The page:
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Canadian ethics watchdog launches new investigation into Trudeau

Canadian ethics watchdog launches new investigation into Trudeau

Canada's Prime Minister Justin Trudeau attends a news conference at Rideau Cottage in Ottawa, Ontario, Canada, Jun 16, 2020. (File photo: REUTERS/Blair Gable)

OTTAWA: Canada's ethics watchdog said on Friday (Jul 3) he has launched an investigation into Justin Trudeau, after a controversial contract to manage a major government program was awarded to a charity with links to the prime minister's family.

Conflict of Interest and Ethics Commissioner Mario Dion tweeted that he had "informed" Trudeau of the decision. His investigation is confidential and will be the subject of a report once it is completed.

The announcement came after the co-founders of WE Charity, Craig Kielburger and Marc Kielburger, said they were withdrawing from the program, which they said had "been enmeshed in controversy from the moment of its announcement".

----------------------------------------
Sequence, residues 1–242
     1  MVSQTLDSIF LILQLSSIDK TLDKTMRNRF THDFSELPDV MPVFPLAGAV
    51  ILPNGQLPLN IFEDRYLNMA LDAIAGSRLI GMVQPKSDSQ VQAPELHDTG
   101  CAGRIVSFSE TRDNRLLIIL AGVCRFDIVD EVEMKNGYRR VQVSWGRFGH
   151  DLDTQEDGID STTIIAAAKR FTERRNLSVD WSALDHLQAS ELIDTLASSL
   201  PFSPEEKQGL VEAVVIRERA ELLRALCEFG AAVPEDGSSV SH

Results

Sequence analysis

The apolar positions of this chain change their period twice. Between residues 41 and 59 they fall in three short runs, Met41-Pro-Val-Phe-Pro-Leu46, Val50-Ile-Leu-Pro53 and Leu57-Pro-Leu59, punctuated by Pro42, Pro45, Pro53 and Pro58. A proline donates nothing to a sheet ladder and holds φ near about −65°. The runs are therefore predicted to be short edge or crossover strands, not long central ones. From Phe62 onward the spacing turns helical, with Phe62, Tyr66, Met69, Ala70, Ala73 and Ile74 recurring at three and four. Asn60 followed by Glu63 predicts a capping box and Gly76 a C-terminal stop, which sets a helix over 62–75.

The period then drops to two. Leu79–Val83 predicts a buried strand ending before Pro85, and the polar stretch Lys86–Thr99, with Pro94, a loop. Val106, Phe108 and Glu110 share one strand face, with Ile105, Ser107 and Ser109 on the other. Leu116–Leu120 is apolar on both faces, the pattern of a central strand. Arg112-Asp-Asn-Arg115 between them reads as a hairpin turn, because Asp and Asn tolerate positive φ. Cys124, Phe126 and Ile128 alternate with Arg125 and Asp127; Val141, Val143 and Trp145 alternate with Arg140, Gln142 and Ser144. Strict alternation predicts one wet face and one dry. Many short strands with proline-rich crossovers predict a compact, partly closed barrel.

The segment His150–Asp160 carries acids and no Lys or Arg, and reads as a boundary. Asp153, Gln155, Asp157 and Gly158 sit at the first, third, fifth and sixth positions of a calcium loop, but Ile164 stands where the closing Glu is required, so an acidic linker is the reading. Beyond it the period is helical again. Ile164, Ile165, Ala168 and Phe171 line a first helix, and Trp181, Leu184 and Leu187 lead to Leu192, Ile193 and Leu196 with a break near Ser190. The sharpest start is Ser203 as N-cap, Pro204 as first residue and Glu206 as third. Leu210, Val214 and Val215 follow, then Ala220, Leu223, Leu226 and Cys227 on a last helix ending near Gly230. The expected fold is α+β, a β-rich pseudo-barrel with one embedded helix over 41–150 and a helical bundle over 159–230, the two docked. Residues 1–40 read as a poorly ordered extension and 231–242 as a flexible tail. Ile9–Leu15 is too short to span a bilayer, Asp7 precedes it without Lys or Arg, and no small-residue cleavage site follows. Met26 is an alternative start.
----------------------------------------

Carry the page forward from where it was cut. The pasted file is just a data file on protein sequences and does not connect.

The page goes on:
Trudeau's government had announced in late June that it was awarding the organisation the management of the C$900 million (US$662 million) federal program, which provides grants of up to C$5,000 to eligible students for volunteer work with non-profit organisations during the coronavirus pandemic.

Trudeau, his wife and his mother were all at one time or another invited as speakers by WE Charity. Their links to the group led opposition parties to suggest preferential treatment.

WE Charity's decision to withdraw was "mutually agreed", according to Minister of Diversity, Inclusion and Youth Bardish Chagger.

"This situation unfolded in a way that is truly unfortunate," Trudeau said at a press briefing on Friday.

He defended his involvement and that of his family with the organisation.

"All my life I have been involved in supporting young people," he said.

The Ethics Commissioner has already released two reports concluding that Trudeau violated the Conflict of Interest Act: In 2017, for taking a vacation on the Aga Khan's private island, and last year for trying to influence legal proceedings in the SNC-Lavalin case, in which a subsidiary of the engineering company was accused of paying bribes to secure contracts in Libya.

Source: AFP/dv


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